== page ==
The tick eradication program began in 1906, but at the time of Lonesome Dove –the 1870s– no such protection existed. Mexican and Texian cattle driven up the trail were immune to the tick fever, as Mexican cattle still are, but the old trail cattle carried the disease-bearing parasites north.
Working with Marion Forbes in the spraying and dipping of the movie livestock was Jimmy Medearis, the film ‘s livestock coordinator and head wrangler from Castaic, California.
A member of the movie industry for 17 years, Medearis is a member of Teamster’s Union 399 for stuntmen and wranglers. His job on Lonesome Dove involved everything from contracting movie horses at A&R Livestock in Lake View Terrace, Calif. , to supplying saddles, harness, and other equipment as well as rolling stock including covered wagons- for the film. Once the production was under way, Medearis was on the set warming up his own AQHA rope horse, Mastercharge, for use by Robert Duvall.
Medearis, whose wife, Sharon, is a professional barrel racer, was raised in Pasadena, Texas. He rode rough stock in rodeo before becoming a trick rider and then stuntman in the movies. Among other films, he has worked in The Long Riders, Mountain Men, and the TV miniseries North and South.
Safety was of prime importance on the Lonesome Dove set, but stampedes are a bit tricky to film, said Medearis, “because you have to coordinate with everyone in the movie. Sometimes we rehearse stampedes. The cattle are never running as fast as they appear on the screen. You might call it a ‘controlled stampede.’ We don’t leave anything to chance.”
The only injury on the Lonesome Dove set was a mesquite thorn infecting the hand of wrangler Steve Manning of Pinedale, Wyo., who got his first taste of Texas brush popping at Moody’s.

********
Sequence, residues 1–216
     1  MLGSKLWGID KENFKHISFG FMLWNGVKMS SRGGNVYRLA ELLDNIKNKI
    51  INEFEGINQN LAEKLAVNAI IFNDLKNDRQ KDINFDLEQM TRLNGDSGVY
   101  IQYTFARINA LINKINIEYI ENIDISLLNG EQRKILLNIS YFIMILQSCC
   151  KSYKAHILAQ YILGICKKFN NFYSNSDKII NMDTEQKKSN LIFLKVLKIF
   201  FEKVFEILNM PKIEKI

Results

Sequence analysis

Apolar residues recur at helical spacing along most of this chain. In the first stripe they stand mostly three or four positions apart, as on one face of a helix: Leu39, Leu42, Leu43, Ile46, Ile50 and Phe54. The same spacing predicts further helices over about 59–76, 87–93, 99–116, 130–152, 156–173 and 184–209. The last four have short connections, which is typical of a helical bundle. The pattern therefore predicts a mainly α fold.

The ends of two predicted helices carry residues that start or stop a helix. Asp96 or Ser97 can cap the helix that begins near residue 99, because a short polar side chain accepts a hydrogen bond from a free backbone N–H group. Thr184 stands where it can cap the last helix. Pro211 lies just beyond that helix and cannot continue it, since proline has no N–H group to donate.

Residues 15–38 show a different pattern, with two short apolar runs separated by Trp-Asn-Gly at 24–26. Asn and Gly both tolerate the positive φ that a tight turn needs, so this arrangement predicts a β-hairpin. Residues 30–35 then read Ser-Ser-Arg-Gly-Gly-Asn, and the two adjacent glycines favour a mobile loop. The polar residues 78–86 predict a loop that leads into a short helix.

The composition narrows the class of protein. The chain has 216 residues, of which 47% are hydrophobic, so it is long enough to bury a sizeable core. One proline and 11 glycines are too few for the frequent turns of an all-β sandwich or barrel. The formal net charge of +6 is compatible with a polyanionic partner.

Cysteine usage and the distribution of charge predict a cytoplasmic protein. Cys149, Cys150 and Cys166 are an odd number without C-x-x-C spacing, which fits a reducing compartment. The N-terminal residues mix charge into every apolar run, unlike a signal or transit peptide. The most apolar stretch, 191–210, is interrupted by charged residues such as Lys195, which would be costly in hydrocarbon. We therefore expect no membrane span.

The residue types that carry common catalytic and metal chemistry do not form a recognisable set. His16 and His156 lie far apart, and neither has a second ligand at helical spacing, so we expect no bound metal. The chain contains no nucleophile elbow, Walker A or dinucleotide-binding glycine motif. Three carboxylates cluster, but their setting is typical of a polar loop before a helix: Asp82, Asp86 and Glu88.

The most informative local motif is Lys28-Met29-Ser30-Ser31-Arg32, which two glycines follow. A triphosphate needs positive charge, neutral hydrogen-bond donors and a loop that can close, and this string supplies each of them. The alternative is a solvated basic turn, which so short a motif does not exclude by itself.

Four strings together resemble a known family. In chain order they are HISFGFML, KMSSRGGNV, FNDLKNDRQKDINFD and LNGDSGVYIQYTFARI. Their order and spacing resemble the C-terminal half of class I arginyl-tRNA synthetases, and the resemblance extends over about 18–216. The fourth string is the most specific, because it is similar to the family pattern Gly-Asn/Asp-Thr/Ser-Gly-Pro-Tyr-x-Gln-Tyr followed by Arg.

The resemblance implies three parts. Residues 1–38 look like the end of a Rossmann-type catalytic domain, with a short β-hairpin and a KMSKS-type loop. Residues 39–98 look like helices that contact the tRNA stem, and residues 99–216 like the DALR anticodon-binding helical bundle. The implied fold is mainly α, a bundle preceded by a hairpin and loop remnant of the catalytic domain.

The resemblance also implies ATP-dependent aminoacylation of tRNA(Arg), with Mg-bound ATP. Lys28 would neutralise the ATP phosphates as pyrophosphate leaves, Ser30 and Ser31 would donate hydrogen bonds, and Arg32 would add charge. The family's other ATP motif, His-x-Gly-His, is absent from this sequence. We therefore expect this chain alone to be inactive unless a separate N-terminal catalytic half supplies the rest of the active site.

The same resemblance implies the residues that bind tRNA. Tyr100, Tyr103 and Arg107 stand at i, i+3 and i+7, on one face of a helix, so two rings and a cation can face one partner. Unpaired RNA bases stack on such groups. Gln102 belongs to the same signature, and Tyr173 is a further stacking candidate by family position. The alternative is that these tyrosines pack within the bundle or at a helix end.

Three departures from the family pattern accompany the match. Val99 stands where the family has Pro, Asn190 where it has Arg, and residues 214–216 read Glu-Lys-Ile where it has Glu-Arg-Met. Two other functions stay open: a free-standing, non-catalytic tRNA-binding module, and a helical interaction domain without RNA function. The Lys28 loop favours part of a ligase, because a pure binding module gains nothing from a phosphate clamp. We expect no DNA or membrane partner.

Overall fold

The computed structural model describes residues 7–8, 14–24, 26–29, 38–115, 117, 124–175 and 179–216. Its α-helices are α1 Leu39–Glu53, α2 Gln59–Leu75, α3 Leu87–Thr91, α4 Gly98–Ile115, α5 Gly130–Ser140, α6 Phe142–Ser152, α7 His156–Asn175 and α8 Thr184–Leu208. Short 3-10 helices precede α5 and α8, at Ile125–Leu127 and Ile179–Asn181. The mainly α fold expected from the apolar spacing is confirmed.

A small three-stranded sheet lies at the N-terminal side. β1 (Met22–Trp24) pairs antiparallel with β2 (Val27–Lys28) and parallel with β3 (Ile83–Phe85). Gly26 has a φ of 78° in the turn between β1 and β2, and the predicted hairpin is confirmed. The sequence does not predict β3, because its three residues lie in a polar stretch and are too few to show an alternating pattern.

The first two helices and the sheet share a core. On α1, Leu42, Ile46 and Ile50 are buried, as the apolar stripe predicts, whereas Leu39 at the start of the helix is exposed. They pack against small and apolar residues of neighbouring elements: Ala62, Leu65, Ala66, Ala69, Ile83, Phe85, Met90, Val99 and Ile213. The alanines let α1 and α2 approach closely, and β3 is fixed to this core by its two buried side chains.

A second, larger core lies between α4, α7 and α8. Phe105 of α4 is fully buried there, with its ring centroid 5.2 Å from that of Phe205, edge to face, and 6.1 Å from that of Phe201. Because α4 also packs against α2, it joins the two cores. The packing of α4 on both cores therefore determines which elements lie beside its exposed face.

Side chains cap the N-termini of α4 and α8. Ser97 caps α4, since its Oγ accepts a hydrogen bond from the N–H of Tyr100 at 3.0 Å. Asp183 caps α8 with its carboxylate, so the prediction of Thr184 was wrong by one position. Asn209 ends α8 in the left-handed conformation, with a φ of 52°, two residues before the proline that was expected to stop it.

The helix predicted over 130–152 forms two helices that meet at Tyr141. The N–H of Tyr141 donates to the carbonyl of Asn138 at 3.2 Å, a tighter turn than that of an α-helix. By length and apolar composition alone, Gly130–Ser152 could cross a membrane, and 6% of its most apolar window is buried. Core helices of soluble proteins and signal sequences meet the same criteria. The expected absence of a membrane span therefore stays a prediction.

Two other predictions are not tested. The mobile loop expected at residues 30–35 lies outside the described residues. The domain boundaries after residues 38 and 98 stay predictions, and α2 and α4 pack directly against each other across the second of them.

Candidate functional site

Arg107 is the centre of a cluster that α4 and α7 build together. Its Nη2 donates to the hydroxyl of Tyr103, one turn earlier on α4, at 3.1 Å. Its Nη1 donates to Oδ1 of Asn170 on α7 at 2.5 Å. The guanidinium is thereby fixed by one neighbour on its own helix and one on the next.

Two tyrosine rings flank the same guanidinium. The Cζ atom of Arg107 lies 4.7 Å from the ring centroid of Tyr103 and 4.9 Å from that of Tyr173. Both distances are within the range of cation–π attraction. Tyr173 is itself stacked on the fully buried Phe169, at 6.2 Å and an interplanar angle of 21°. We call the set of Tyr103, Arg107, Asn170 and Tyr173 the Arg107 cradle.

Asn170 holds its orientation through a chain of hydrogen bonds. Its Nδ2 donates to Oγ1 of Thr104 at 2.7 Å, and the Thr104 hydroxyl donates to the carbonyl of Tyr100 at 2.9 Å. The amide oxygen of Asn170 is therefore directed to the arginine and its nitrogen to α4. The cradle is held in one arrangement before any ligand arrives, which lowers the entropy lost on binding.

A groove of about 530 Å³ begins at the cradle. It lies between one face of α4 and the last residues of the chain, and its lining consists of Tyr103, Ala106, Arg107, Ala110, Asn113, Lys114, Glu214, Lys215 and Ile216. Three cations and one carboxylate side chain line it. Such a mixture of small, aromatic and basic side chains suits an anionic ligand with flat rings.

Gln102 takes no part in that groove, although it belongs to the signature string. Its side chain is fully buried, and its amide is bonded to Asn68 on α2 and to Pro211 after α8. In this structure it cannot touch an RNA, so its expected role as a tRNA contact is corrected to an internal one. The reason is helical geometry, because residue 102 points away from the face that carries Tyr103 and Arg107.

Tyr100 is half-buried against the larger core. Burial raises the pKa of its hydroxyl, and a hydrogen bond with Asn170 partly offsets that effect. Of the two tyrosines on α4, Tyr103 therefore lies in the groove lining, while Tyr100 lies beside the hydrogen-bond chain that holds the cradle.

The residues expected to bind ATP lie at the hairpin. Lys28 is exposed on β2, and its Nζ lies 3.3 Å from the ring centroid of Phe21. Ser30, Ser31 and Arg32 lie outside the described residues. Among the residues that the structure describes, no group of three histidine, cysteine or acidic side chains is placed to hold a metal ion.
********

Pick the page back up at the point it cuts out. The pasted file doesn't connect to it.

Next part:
In addition to handling livestock, one of the concerns of-wranglers such as John Hudson, a calf roper from Salinas, Calif., was to give riding instructions to those cast members new to the saddle. And to equip them with understanding, babysitter movie horses like Fury, who is 30 years old. “He’s been in more westerns than John Wayne,” Hudson said. Fury bore years of traders’ brands, including the N of the Navajo Indian nation. Fury’s mellow, jug-headed, feather-fetlocked appearance makes him desirable for westerns. He’s typey, like the rawboned cayuses in Charlie Russell’s paintings of the frontier.
Both Duvall and Tommy Lee Jones are experienced horsemen, and the saddle Duvall rode was reportedly built for Kris Kristofferson in the pioneer epic Heaven’s Gate, filmed in Montana.
David Little, a Texas wrangler who also had a small acting role in Lonesome Dove, said that when he was a kid growing up in Chireno, Tex., “I used to ride my horse to the movie theater and tie up and go in and watch Roy Rogers.I told my mama that when I grew up I wanted to be a cowboy and work in the movies.” After 20 years of forking rodeo bareback horses, saddle broncs, rank bulls, and 10 years of doing movie work horseback, David Little has Roy Rogers to thank for “27 broken bones!”
Rodeo hand Jimmy Sherwood of Los Angeles, another wrangler on the set, said, “One of the reasons I like this movie work is I get to drive big herds and cowboy the way they used to a hundred years ago.”
It all fits with McMurtry’s quote from T.K. Whipple in the preface to the novel: “All America lies at the end of the wilderness road, and our past is not a dead past, but still lives in us. Our forefathers had civilization inside themselves . . . We live in the civilization they created, but within us the wilderness still lingers. What they dreamed, we live, and what they lived, we dream.”